Hi, Office Insiders! I’m Peter Wu, a Principal Software Engineer on the PowerPoint team. In honor of Global Accessibility Awareness Day, I wanted to highlight the importance of making your presentations accessible to people with disabilities. And to help you do that, I’m thrilled to announce you can now add closed captions to embedded videos for your presentations in PowerPoint for Mac.
Closed captions in embedded videos
You’ve no doubt seen captions before while watching a video—they are the words that appear on top of the video as it plays (often at the bottom of the screen). Studies show that captions benefit everyone who watches videos, especially those watching videos in their non-native language, people learning to read, and individuals who are deaf or hard of hearing. Others might choose to use captions when their surroundings are too noisy to hear the video or they need to be quiet (and don’t have headphones).
Closed captions are content that is stored separately from the video pixels so that the person watching can turn them on or off. Videos often include multiple closed captions tracks: one in the language of the video and others in additional languages.
While PowerPoint for Mac can play closed captions that are encoded into the video file, it can be a challenging process to encode closed captions into a video. It’s typically easier to store the closed captions in a separate file. Now you can take closed caption files in WebVTT format and insert them into an embedded video in PowerPoint for Mac.
How it works
1. To insert closed captions in an embedded video, select the video and choose Insert Captions on the Playback tab.
2. Select the file or files you want to insert.
3. To show the captions while playing the video, click the Caption button () to the far-right side of the video playback bar (or press Option+J) and then select the track that you want.
NOTE: Each file that you insert appears as a separate track on the menu. The captions will appear overlaid on the video as it plays.
Tips and tricks
- PowerPoint for Windows already supports closed captions in WebVTT format, so now closed captions will play in your PowerPoint videos for both Windows and Mac (regardless of which version you used to insert them). PowerPoint for Windows has recently been updated to allow multiple files to be inserted at the same time as well.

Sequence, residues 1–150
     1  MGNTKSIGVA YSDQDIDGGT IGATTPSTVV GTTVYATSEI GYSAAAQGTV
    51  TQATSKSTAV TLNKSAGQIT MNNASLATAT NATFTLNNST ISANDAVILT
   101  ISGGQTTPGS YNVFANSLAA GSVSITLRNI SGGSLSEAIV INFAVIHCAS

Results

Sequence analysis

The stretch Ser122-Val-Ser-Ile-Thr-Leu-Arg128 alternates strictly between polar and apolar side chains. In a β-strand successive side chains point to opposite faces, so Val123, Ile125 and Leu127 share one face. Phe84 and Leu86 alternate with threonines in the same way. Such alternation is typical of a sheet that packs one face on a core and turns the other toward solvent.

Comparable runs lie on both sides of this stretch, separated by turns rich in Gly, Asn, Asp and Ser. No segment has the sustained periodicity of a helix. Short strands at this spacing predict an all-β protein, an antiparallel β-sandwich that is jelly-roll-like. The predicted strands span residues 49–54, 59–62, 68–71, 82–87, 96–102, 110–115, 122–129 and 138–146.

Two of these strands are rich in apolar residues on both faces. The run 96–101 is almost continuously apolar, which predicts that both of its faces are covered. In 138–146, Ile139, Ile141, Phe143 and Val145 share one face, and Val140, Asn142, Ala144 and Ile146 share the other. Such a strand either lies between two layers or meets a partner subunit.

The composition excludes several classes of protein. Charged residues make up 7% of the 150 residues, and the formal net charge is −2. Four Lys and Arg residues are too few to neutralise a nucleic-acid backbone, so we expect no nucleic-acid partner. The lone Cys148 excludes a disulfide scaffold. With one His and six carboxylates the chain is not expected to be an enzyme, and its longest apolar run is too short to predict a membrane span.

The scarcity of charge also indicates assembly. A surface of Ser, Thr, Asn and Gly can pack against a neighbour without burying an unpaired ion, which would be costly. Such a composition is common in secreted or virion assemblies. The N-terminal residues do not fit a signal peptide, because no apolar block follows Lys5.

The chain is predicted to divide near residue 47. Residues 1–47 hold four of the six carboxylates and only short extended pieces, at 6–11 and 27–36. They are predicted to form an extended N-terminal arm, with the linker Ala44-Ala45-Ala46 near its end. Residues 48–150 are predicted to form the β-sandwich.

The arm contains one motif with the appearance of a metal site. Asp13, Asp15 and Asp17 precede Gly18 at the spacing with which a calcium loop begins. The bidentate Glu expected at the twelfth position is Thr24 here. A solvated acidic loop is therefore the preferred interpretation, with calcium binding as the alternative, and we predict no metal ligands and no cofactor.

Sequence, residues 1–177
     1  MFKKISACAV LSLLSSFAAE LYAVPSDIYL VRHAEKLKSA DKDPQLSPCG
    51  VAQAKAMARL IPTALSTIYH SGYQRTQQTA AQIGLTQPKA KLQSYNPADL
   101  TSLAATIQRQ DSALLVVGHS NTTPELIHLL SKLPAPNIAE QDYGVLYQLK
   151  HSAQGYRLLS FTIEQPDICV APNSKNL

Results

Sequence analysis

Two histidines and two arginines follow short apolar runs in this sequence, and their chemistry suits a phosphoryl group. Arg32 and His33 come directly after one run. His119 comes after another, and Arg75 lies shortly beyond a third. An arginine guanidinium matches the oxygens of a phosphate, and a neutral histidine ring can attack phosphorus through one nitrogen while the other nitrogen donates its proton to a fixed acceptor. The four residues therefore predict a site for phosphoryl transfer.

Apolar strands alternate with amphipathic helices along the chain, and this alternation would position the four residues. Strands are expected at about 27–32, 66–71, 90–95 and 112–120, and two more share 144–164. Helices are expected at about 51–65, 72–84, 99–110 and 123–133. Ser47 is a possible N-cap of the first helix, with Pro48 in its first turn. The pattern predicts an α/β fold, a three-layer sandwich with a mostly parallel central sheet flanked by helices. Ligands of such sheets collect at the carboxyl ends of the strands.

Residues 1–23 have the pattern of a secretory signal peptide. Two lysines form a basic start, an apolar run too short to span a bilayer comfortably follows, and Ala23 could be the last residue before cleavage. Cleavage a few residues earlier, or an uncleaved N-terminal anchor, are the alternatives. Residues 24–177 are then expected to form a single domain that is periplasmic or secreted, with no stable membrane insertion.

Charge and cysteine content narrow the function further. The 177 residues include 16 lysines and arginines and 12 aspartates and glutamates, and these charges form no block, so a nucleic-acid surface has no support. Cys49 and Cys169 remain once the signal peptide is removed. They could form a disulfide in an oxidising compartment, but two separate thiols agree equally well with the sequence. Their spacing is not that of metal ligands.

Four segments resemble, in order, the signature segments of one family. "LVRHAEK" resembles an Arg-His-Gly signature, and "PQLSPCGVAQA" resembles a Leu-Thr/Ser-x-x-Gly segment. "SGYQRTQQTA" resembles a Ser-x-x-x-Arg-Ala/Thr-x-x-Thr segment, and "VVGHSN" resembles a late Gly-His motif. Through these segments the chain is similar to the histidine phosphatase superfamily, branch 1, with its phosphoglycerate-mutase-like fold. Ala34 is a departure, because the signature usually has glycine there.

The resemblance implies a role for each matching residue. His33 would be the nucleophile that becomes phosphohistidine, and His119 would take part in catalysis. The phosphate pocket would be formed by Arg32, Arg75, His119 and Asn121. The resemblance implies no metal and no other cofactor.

- There are many different apps and services you can use to create WebVTT files. For example, you can use Microsoft Stream to automatically generate closed captions, edit them for accuracy, and then download them as a WebVTT file. And because the format is very simple, you can also just type the captions in a text editor.
- Even if you have live captions enabled in PowerPoint, or you have a professional captioner or sign language interpreter for your presentation, it is a best practice to create and insert closed captions into your videos ahead of time. They will be more accurate and better synchronized with the video, and participants will better be able to understand your message.
- You can also insert closed captions from the Accessibility ribbon using the Insert Captions button.
Scenarios to try
- Add closed captions to embedded videos in your PowerPoint presentation to make them more accessible.
- Add closed captions in additional languages.
Closed captions in embedded videos is rolling out to Office Insiders running Beta Channel Version 16.62 (Build 22051100) or later.
Don’t have it yet? It’s probably us, not you.
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